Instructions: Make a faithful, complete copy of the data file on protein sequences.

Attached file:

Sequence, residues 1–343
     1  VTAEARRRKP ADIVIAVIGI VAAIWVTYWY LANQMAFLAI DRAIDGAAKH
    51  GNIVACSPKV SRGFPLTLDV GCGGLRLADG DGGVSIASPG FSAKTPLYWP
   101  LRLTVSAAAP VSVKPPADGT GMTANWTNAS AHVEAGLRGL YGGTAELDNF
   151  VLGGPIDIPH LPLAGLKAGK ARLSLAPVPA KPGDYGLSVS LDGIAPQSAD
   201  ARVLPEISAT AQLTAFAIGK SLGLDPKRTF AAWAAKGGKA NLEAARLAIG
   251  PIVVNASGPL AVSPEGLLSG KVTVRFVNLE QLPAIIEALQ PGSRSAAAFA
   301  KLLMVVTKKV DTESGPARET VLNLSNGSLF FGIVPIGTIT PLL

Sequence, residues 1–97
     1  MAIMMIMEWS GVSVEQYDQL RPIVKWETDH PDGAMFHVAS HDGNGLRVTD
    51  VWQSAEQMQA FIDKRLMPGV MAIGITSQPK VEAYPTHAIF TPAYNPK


Sequence, residues 1–343
     1  VTAEARRRKP ADIVIAVIGI VAAIWVTYWY LANQMAFLAI DRAIDGAAKH
    51  GNIVACSPKV SRGFPLTLDV GCGGLRLADG DGGVSIASPG FSAKTPLYWP
   101  LRLTVSAAAP VSVKPPADGT GMTANWTNAS AHVEAGLRGL YGGTAELDNF
   151  VLGGPIDIPH LPLAGLKAGK ARLSLAPVPA KPGDYGLSVS LDGIAPQSAD
   201  ARVLPEISAT AQLTAFAIGK SLGLDPKRTF AAWAAKGGKA NLEAARLAIG
   251  PIVVNASGPL AVSPEGLLSG KVTVRFVNLE QLPAIIEALQ PGSRSAAAFA
   301  KLLMVVTKKV DTESGPARET VLNLSNGSLF FGIVPIGTIT PLL

Sequence, residues 1–97
     1  MAIMMIMEWS GVSVEQYDQL RPIVKWETDH PDGAMFHVAS HDGNGLRVTD
    51  VWQSAEQMQA FIDKRLMPGV MAIGITSQPK VEAYPTHAIF TPAYNPK